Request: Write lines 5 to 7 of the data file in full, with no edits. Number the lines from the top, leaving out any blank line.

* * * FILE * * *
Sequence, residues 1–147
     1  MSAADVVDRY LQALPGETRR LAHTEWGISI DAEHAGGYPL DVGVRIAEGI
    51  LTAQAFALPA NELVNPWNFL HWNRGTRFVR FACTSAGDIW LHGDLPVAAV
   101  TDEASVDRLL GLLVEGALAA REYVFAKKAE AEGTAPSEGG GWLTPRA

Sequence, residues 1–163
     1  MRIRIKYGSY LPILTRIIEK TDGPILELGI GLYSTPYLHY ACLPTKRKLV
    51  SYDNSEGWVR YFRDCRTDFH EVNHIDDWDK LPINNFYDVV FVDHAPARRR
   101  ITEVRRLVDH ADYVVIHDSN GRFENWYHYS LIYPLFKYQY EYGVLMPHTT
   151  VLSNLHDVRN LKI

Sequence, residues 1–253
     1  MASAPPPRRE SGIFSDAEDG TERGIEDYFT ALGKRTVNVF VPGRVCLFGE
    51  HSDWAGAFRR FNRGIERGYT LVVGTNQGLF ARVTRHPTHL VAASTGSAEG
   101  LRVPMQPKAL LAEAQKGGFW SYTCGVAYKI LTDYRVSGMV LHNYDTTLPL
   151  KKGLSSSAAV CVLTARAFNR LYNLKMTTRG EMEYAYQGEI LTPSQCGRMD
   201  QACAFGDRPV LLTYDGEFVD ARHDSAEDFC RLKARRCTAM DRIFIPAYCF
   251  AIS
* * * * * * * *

Sequence, residues 1–163
     1  MRIRIKYGSY LPILTRIIEK TDGPILELGI GLYSTPYLHY ACLPTKRKLV
    51  SYDNSEGWVR YFRDCRTDFH EVNHIDDWDK LPINNFYDVV FVDHAPARRR